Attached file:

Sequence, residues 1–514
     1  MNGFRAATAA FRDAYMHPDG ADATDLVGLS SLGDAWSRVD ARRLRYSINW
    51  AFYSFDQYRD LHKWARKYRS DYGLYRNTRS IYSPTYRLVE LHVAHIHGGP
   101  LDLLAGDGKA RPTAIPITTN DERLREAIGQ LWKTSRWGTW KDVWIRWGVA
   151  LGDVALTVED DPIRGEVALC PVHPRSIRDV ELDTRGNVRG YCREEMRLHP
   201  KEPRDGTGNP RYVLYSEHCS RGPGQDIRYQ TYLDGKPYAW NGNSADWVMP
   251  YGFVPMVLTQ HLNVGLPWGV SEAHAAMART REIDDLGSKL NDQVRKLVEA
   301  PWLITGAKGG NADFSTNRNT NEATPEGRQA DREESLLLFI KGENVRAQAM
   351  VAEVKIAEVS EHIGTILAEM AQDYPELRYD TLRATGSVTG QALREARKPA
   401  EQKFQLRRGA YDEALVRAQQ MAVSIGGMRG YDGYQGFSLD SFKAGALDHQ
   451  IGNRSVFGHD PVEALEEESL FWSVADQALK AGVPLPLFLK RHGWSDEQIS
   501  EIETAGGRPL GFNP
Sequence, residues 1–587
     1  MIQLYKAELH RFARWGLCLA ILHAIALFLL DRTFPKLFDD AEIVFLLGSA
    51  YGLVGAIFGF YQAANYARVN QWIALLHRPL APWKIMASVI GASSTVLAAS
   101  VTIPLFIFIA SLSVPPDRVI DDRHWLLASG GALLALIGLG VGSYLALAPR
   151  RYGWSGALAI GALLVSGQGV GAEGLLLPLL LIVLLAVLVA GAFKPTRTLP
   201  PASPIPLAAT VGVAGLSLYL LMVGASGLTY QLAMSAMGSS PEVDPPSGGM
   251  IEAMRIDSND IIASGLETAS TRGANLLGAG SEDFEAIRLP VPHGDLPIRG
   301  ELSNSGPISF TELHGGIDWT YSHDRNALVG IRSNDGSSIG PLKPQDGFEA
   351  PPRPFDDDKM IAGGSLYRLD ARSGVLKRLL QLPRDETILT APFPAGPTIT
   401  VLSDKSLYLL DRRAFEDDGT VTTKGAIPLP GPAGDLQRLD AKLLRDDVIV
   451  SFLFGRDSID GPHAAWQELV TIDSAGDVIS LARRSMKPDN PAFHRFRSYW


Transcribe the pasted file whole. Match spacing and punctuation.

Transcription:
Sequence, residues 1–514
     1  MNGFRAATAA FRDAYMHPDG ADATDLVGLS SLGDAWSRVD ARRLRYSINW
    51  AFYSFDQYRD LHKWARKYRS DYGLYRNTRS IYSPTYRLVE LHVAHIHGGP
   101  LDLLAGDGKA RPTAIPITTN DERLREAIGQ LWKTSRWGTW KDVWIRWGVA
   151  LGDVALTVED DPIRGEVALC PVHPRSIRDV ELDTRGNVRG YCREEMRLHP
   201  KEPRDGTGNP RYVLYSEHCS RGPGQDIRYQ TYLDGKPYAW NGNSADWVMP
   251  YGFVPMVLTQ HLNVGLPWGV SEAHAAMART REIDDLGSKL NDQVRKLVEA
   301  PWLITGAKGG NADFSTNRNT NEATPEGRQA DREESLLLFI KGENVRAQAM
   351  VAEVKIAEVS EHIGTILAEM AQDYPELRYD TLRATGSVTG QALREARKPA
   401  EQKFQLRRGA YDEALVRAQQ MAVSIGGMRG YDGYQGFSLD SFKAGALDHQ
   451  IGNRSVFGHD PVEALEEESL FWSVADQALK AGVPLPLFLK RHGWSDEQIS
   501  EIETAGGRPL GFNP
Sequence, residues 1–587
     1  MIQLYKAELH RFARWGLCLA ILHAIALFLL DRTFPKLFDD AEIVFLLGSA
    51  YGLVGAIFGF YQAANYARVN QWIALLHRPL APWKIMASVI GASSTVLAAS
   101  VTIPLFIFIA SLSVPPDRVI DDRHWLLASG GALLALIGLG VGSYLALAPR
   151  RYGWSGALAI GALLVSGQGV GAEGLLLPLL LIVLLAVLVA GAFKPTRTLP
   201  PASPIPLAAT VGVAGLSLYL LMVGASGLTY QLAMSAMGSS PEVDPPSGGM
   251  IEAMRIDSND IIASGLETAS TRGANLLGAG SEDFEAIRLP VPHGDLPIRG
   301  ELSNSGPISF TELHGGIDWT YSHDRNALVG IRSNDGSSIG PLKPQDGFEA
   351  PPRPFDDDKM IAGGSLYRLD ARSGVLKRLL QLPRDETILT APFPAGPTIT
   401  VLSDKSLYLL DRRAFEDDGT VTTKGAIPLP GPAGDLQRLD AKLLRDDVIV
   451  SFLFGRDSID GPHAAWQELV TIDSAGDVIS LARRSMKPDN PAFHRFRSYW